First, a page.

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derring-do

[der-ing-doo] /ˈdɛr ɪŋˈdu/
noun
1.
daring deeds; heroic daring.
Origin of derring-do
1325-1375
1325-75; Middle English durring-do literally, daring to do, erroneously taken as noun phrase. See dare, do1
Dictionary.com Unabridged
Based on the Random House Dictionary, © Random House, Inc. 2015.
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Examples from the Web for derring-do
Contemporary Examples
Historical Examples
  • To that complexion of mean fraud did the old smuggling traditions of courage, adventure, and derring-do come at last!

    The Smugglers Charles G. Harper
  • Of deeds of derring-do for the saving of life our square-set friend was full.

    Cornish Saints and Sinners J. Henry Harris
  • And because they had no golden days of derring-do to look back upon, they did less grumbling.

    Our Army at the Front Heywood Broun
  • Like Ivanhoe in the castle, he chafed at his compulsory inaction while others were doing "deeds of derring-do."

  • You shall be like a knight of old, who is to gain a maiden's hand by the accomplishment of some great deed of derring-do.

    The Wolf's Long Howl Stanley Waterloo
British Dictionary definitions for derring-do

derring-do

/ˈdɛrɪŋˈduː/
noun
1.
(archaic or literary) a daring spirit or deed; boldness or bold action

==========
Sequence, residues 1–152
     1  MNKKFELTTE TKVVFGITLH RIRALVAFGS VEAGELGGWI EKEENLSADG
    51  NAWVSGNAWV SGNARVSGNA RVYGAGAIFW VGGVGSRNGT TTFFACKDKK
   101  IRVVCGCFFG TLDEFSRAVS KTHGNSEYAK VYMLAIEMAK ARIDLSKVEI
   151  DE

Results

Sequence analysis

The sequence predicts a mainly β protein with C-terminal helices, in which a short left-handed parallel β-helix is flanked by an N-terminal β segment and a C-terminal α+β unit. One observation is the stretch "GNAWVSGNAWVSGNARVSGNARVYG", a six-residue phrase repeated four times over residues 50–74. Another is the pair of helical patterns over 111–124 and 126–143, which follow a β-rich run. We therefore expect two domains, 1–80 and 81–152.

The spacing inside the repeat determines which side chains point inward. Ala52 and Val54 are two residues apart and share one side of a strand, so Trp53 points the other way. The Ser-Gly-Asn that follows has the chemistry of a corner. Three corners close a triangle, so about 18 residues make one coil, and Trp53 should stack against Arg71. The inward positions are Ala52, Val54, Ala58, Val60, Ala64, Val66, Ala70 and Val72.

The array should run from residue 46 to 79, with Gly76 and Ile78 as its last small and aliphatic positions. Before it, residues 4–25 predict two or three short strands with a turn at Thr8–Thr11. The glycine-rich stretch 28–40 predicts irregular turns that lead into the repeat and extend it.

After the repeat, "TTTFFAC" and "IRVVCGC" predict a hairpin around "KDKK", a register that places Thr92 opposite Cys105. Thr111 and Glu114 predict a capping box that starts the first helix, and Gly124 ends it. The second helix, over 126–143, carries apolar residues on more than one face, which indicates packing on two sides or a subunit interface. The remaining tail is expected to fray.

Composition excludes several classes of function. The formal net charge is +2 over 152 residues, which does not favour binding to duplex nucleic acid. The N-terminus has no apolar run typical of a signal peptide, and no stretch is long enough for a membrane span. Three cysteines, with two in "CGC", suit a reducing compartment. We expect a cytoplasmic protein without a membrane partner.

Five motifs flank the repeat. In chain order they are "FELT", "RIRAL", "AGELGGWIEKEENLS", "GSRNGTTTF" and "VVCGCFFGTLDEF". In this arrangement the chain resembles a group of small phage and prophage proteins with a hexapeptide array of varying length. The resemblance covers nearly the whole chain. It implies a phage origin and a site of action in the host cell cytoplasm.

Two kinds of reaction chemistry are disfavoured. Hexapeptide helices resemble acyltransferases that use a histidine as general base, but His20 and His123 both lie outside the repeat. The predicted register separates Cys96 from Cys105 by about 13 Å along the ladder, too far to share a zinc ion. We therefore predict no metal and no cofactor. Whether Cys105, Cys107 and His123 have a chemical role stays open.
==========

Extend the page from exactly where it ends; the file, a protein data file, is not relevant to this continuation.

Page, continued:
Word Origin
C16: from Middle English durring don daring to do, from durren to dare + don to do
Collins English Dictionary - Complete & Unabridged 2012 Digital Edition
© William Collins Sons & Co. Ltd. 1979, 1986 © HarperCollins
Publishers 1998, 2000, 2003, 2005, 2006, 2007, 2009, 2012
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Word Origin and History for derring-do
n.

originally (late 14c.) dorrying don, literally "daring to do," from durring "daring," present participle of Middle English durren "to dare" (see dare (v.)) + don, infinitive of do (v.). Misspelled derrynge do 1500s and mistaken for a noun by Spenser, who took it to mean "manhood and chevalrie;" picked up from him and passed on to Romantic poets as a pseudo-archaism by Sir Walter Scott.

Online Etymology Dictionary, © 2010 Douglas Harper
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